23 The corresponding composite transformation matrix is: 1 0 x f s x x f s x 0 x f (1 s x ) 0 y y 1 f 0 s y f = 0 s y y f (1 s y ) General Scaling Direction Scaling along an arbitrary direction is not as simple as scaling along the xy axis. The procedure of scaling along and normal to an arbitrary direction (s 1 and s 2 ), with respect to the origin, is: 1. Rotate the object so that the directions for s 1 and s 2 coincide with the x and y axes respectively. 2. Scale the object with respect to the origin using (s 1, s 2 ). 3. Use an opposite rotation to return points to their original orientation. The corresponding composite transformation matrix is: cos( ) sin( ) 0 s cos sin 0 cos( ) sin cos sin( ) 0 s 3.6 Other Transformations Reflection Reflection about the x axis: x' x y' = y ie. x'=x; y'=y Reflection about the y axis: x' x y' = y ie. x'=x; y'=y 9
24 Flipping both x and y coordinates of a point relative to the origin: x' x y' = y ie. x'=x; y'=y Reflection about the diagonal line y=x: x' x y' = y ie. x'=y; y'=x Reflection about the diagonal line y=x: x' x y' = y ie. x'=y; y'=x Shear Xdirection shear, with a shearing parameter sh x, relative to the xaxis: x' 1 sh x 0 x y' = y ie. x'=x+y*sh x ; y'=x Exercise: Think of a ydirection shear, with a shearing parameter sh y, relative to the yaxis. 3.7 Transformation Between 2 Cartesian Systems For modelling and design applications, individual objects may be defined in their own local Cartesian References. The local coordinates must then be transformed to position the objects within the overall scene coordinate system. Suppose we want to transform object descriptions from the xy system to the x'y' system: The composite transformation is: cos( ) sin( ) x r 1 0 x 0 sin( ) y 0 y cos( ) r
25 UNIT 4 2Dimensional viewing 4.1Images on the Screen All objects in the real world have size. We use a unit of measure to describe both the size of an object as well as the location of the object in the real world. For example, meters can be used to specify both size and distance. When showing an image of an object on the screen, we use a screen coordinate system that defines the location of the object in the same relative position as in the real world. After we select the screen coordinate system, we change the picture to display interior screen that means change it into screen coordinate system Windows and Clipping The world coordinate system is used to define the position of objects in the natural world. This system does not depend on the screen coordinate system, so the interval of number can be anything(positive, negative or decimal). Sometimes the complete picture of object in the world coordinate system is too large and complicate to clearly show on the screen, and we need to show only some part of the object. The capability that show some part of object internal a specify window is called windowing and a rectangular region in a world coordinate system is called window. Before going into clipping, you should understand the differences between window and a viewport. A Window is a rectangular region in the world coordinate system. This is the coordinate system used to locate an object in the natural world. The world coordinate system does not depend on a display device, so the units of measure can be positive, negative or decimal numbers. A Viewport is the section of the screen where the images encompassed by the window on the world coordinate system will be drawn. A coordinate transformation is required to display the image, encompassed by the window, in the viewport. The viewport uses the screen coordiante system so this transformation is from the world coordinate system to the screen coordinate system.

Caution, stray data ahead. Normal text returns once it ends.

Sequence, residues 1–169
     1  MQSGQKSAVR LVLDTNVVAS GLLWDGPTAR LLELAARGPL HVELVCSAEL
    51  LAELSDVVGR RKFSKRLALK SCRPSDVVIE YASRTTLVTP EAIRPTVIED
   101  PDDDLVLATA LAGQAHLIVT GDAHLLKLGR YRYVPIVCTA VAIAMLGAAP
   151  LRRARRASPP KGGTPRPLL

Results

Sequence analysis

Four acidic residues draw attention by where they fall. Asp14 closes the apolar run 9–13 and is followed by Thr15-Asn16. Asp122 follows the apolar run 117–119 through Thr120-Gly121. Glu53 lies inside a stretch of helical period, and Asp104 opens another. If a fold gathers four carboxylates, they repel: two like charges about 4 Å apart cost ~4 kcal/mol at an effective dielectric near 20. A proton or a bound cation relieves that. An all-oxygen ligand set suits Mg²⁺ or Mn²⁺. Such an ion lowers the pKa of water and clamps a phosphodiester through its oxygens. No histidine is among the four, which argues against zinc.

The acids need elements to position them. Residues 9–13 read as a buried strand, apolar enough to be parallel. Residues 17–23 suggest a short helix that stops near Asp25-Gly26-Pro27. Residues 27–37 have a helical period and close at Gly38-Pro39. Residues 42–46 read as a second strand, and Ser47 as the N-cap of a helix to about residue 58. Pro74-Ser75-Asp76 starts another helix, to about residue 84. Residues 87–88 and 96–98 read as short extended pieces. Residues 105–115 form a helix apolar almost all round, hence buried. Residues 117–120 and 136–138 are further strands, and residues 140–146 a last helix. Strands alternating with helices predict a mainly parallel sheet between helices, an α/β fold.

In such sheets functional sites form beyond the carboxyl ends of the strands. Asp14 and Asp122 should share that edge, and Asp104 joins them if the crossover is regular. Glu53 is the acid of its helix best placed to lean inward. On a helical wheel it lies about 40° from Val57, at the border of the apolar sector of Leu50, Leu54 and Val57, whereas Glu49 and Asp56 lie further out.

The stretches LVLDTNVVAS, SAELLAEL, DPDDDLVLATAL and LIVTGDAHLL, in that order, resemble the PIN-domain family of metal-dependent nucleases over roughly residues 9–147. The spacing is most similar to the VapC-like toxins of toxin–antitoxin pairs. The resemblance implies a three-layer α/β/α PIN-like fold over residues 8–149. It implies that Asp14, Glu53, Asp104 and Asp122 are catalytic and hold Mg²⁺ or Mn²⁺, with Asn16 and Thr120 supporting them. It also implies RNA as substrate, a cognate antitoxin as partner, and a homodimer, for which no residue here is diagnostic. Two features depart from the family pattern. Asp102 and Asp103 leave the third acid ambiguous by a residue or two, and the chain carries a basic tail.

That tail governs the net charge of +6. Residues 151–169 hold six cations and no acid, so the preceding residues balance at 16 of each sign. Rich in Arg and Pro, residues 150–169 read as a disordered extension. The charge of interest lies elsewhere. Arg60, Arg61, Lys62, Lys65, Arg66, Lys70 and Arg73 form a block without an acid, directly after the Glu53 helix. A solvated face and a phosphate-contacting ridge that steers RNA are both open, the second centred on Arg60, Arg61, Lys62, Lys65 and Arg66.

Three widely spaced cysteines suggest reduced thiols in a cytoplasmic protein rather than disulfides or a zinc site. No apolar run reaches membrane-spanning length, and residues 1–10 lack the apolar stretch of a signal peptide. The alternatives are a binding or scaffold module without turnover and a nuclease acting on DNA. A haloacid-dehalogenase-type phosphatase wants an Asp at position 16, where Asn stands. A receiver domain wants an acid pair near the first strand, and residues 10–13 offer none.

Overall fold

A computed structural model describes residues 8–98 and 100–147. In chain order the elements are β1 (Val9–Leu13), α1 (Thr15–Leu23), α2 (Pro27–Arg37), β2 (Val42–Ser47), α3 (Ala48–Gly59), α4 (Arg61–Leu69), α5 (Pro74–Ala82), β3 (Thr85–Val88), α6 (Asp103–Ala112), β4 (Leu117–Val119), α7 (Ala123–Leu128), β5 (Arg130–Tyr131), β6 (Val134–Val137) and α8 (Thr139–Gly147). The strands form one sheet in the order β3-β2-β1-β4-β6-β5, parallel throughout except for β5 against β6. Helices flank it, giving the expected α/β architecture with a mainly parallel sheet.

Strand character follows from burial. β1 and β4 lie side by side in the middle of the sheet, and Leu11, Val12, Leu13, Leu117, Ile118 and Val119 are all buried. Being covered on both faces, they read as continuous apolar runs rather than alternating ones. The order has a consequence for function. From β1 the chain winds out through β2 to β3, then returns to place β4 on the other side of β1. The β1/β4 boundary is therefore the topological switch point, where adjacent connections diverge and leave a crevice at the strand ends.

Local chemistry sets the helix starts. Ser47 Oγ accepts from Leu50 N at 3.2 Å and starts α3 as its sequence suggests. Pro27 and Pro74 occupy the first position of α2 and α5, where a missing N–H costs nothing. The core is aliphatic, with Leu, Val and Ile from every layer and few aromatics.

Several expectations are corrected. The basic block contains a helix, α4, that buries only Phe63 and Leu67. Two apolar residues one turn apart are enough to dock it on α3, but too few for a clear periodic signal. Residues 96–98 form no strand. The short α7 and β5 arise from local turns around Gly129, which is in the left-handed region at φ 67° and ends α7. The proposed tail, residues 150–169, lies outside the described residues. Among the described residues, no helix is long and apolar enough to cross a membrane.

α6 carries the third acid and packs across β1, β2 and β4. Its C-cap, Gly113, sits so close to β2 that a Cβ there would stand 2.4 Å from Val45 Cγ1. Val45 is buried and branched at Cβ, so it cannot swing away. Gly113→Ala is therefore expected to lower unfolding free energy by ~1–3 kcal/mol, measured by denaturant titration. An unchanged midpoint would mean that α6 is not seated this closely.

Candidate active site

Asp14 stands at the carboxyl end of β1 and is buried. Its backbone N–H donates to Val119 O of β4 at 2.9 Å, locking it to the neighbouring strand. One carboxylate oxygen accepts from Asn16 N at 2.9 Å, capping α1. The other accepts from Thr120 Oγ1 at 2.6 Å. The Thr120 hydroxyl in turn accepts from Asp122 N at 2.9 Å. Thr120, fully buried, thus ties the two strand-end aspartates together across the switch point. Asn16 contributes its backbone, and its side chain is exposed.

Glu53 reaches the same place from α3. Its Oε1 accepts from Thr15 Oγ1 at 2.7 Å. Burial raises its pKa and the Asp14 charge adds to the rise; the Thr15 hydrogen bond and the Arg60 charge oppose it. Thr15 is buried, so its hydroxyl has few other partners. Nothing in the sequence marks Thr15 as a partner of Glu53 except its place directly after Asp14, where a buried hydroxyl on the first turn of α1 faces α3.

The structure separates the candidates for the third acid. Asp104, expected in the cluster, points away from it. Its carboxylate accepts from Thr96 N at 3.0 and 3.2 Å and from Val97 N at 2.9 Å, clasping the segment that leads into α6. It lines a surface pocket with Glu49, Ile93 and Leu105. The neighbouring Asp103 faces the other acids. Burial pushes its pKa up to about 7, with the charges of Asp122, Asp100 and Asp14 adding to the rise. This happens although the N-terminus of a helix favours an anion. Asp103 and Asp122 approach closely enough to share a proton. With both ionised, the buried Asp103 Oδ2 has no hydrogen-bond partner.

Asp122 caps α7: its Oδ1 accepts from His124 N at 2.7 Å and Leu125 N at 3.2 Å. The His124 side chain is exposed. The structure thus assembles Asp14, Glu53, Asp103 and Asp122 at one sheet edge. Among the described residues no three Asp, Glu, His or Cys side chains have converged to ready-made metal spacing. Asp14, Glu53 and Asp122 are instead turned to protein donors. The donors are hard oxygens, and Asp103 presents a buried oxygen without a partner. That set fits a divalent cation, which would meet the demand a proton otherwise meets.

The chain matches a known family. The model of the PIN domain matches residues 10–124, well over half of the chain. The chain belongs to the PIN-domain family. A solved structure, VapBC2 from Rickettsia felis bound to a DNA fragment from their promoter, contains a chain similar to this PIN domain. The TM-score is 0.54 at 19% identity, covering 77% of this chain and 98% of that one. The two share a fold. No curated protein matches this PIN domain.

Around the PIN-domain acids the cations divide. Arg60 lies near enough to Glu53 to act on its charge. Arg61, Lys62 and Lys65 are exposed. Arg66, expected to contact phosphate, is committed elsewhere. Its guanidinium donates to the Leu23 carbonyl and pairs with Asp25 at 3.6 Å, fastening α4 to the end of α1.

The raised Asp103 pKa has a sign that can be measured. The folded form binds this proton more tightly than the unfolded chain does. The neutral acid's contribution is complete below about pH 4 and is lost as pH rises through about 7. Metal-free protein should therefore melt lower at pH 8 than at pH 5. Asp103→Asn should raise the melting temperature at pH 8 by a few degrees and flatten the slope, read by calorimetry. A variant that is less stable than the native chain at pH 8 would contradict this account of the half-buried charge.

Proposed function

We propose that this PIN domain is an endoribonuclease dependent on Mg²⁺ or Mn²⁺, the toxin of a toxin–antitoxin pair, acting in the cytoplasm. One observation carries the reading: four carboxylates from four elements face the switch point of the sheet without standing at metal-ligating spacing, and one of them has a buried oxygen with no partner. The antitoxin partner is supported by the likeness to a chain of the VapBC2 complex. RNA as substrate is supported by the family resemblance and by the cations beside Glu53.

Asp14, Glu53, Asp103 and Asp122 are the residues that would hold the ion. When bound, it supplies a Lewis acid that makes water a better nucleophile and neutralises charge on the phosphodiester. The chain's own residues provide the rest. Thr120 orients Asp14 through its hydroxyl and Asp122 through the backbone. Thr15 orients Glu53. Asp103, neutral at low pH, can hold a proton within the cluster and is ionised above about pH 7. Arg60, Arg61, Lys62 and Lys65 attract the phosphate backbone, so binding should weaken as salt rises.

26 When a window is "placed" on the world, only certain objects and parts of objects can be seen. Points and lines which are outside the window are "cut off" from view. This process of "cutting off" parts of the image of the world is called Clipping. In clipping, we examine each line to determine whether or not it is completely inside the window, completely outside the window, or crosses a window boundary. If inside the window, the line is displayed. If outside the window,the lines and points are not displayed. If a line crosses the boundary, we must determine the point of intersection and display only the part which lies inside the window. 4.2 CohenSutherland Line Clipping The CohenSutherland line clipping algorithm quickly detects and dispenses with two common and trivial cases. To clip a line, we need to consider only its endpoints. If both endpoints of a line lie inside the window, the entire line lies inside the window. It is trivially accepted and needs no clipping. On the other hand, if both endpoints of a line lie entirely to one side of the window, the line must lie entirely outside of the window. It is trivially and needs to be neither clipped nor displayed. InsideOutside Window Codes To determine whether endpoints are inside or outside a window, the algorithm sets up a halfspace code for each endpoint. Each edge of the window defines an infinite line that divides the whole space into two halfspaces, the inside halfspace and the outside halfspace, as shown below.